The delta-neutral trade suggested in June 2009 used $4.30 and $5.20 strike prices for calls on September corn futures when September corn was priced at $4.225 per bu. The downside breakeven futures price was approximately $3.50, which means that the current September futures price of $3.27-6 on Aug. 14 would result in a loss. However, protection might have been obtained by the purchase of a call at the upper breakeven price and a put at the lower breakeven. Either would have been less expensive due to the distance from the futures market price.
As a result of the protective put option, on Aug. 14 a $3.40 put on September corn was priced at $1,087, which at this time would offset the loss produced by a declining $4.30 or $5.20 futures contract. A continued decline in the futures price at the September expiration might be expected to carry with it a corresponding gain in the put value.
At breakeven, the option price should increase at the same rate as the underlying futures. “Sept. ‘09 corn put options” shows that on Aug. 14, just seven days before expiration, the put price curve has moved close to the intrinsic value (strike - futures price) so that for strikes of $3.35 and above, the put price is changing at approximately the same rate as the underlying futures. Thus, the $3.40 put would provide complete protection if corn futures continued to decline.
Protection from increasing call prices on the upside of the delta-neutral trade would be provided by the initial purchase of one call at or near the upper breakeven price. Increases in the futures price should offset one of the short calls, while the protective call should rise at the same rate as the futures contract once the breakeven level is reached, equaling the delta of 1.00 attained by the second short call.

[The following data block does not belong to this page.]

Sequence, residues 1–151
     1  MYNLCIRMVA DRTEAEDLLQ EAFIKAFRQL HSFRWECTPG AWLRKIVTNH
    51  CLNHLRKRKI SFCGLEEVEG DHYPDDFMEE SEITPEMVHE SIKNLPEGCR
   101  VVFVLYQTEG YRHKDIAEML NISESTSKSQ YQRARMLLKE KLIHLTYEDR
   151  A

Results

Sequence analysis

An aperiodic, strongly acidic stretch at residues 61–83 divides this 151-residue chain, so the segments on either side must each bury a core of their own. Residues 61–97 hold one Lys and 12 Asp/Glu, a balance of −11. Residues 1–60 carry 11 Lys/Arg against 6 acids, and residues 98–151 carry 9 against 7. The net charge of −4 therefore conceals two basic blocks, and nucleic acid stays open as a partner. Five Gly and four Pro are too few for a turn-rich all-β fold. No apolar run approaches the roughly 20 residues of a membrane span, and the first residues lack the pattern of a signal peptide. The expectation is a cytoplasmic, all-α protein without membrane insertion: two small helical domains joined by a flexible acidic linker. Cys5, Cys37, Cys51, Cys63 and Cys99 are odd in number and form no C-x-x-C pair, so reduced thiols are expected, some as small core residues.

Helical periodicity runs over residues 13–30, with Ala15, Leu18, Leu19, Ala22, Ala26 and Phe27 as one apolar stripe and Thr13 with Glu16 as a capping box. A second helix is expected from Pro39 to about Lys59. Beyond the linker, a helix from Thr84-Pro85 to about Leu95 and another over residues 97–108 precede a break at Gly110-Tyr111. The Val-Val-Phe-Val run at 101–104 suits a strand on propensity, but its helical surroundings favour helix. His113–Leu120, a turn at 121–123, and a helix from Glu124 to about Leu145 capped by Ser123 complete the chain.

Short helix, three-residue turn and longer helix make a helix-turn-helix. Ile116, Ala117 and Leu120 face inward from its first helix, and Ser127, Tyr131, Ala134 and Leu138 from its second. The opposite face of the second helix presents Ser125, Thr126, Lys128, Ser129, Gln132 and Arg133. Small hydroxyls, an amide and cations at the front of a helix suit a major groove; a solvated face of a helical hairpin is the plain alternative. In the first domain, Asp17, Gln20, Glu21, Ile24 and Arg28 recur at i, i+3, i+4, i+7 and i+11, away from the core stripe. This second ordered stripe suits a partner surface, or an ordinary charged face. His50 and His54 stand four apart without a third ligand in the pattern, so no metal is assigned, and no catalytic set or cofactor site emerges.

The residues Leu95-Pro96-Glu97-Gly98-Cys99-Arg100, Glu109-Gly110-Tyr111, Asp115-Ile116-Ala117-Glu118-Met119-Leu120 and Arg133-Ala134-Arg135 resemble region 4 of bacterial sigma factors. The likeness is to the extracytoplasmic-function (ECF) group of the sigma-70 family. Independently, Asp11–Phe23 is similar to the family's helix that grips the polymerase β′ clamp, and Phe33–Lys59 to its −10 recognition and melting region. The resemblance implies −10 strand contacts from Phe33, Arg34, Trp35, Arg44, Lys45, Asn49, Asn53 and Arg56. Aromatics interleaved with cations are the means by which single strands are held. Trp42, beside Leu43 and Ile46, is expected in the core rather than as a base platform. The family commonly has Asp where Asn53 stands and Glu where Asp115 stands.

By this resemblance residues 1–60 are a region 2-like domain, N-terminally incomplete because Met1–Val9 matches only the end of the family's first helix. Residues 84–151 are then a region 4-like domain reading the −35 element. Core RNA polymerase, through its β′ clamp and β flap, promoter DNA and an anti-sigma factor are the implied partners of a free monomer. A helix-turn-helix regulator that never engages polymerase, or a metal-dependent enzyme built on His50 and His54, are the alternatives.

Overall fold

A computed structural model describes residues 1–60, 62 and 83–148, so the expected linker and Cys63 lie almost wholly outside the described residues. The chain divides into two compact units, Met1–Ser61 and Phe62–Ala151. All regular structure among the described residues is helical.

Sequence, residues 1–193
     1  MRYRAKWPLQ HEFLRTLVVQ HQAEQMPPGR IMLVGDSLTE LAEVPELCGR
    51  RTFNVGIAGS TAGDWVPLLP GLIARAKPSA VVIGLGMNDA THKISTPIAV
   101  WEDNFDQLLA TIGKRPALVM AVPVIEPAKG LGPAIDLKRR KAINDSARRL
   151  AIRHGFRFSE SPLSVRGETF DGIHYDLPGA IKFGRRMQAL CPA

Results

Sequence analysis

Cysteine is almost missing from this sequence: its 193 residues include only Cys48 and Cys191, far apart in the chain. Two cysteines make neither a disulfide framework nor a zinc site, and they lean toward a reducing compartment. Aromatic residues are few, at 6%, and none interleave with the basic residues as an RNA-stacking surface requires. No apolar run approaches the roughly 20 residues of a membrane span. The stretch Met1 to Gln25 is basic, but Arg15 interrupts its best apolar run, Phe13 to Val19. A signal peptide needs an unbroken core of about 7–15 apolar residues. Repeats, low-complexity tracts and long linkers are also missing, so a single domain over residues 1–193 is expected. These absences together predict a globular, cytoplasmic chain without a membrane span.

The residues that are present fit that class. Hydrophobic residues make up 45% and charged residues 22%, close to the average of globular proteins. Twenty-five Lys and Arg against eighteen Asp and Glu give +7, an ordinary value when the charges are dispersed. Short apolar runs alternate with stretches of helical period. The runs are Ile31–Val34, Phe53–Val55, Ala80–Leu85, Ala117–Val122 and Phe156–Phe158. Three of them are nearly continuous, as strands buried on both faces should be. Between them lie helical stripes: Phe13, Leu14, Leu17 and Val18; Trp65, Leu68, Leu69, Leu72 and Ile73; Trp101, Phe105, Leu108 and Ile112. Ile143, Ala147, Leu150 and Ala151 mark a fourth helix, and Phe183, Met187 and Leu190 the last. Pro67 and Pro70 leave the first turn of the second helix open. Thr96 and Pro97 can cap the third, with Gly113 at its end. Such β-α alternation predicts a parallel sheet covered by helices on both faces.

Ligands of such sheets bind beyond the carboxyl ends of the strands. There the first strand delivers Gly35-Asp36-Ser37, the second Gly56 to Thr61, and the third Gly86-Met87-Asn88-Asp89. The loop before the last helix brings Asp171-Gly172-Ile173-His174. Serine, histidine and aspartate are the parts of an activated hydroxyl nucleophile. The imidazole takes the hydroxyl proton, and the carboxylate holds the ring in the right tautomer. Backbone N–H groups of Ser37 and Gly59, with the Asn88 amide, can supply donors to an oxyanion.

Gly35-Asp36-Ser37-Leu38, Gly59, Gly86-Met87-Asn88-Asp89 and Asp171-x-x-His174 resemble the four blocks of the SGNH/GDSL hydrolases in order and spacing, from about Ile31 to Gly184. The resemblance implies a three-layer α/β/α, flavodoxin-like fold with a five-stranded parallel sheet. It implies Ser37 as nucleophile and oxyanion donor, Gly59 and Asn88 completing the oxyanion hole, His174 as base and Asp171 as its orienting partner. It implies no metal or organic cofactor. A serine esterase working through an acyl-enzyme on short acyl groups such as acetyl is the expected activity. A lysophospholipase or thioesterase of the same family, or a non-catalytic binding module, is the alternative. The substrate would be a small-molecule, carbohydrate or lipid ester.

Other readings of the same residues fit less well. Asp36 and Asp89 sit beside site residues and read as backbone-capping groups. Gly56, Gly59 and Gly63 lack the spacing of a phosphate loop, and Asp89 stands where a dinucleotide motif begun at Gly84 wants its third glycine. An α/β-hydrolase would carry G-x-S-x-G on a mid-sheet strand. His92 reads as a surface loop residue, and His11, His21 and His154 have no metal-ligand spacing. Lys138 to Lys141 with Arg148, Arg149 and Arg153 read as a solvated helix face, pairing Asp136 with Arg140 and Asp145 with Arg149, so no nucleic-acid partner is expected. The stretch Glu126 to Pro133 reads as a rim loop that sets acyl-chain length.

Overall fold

“Delta-neutral trade” describes an example trade selling two $3.40 calls on December corn when the futures price is $3.2775 on Aug. 14, 2009. Although the computed delta value is 0.477, we will use a rounded ratio of two calls to one futures. Some protection at the upper and lower breakeven prices, where the option price is expected to change at approximately the same rate as the future, is provided by a call at the $3.90 strike and a put at a strike of $2.90. The protective put and call are expected to eliminate much of the gamma risk, which is the rapid increase in delta values with the approach of expiration.
The example trade should be viewed as experimental, with actual results measured with more accuracy from Aug. 14 through the expiration of December options and futures.
“Predicted price spreads” summarized the market’s view of potential high and low prices at expiration. In addition to the upper and lower breakeven prices, the exhibit shows the high and low prices over the past 100 days. Market volatilities are generally measured by past price changes that are assumed to be reflected in future variations.
For most of the futures and strike price pairs on “Predicted price spreads,” breakeven price ranges are close to the 100-day price range. Corn, wheat and oats show breakeven price ranges that are lower than the past 100 days, especially in the case of wheat, where the market is not giving much credence to the high end. The wheat breakeven range is more descriptive of the actual price range in July and August, approximately $5-$5.75.
As shown by the option models, charts and tables presented here, a trader must make decisions in a price world that has boundaries. Computed option price curves show that predicted and actual market prices are almost equal, meaning that trading decisions take place in a narrow range. It is an advantage to know how prices are formed and the mathematical foundations that create the option market.
Paul Cretien is an investment analyst and financial case writer. His e-mail is PaulDCretien@aol.com.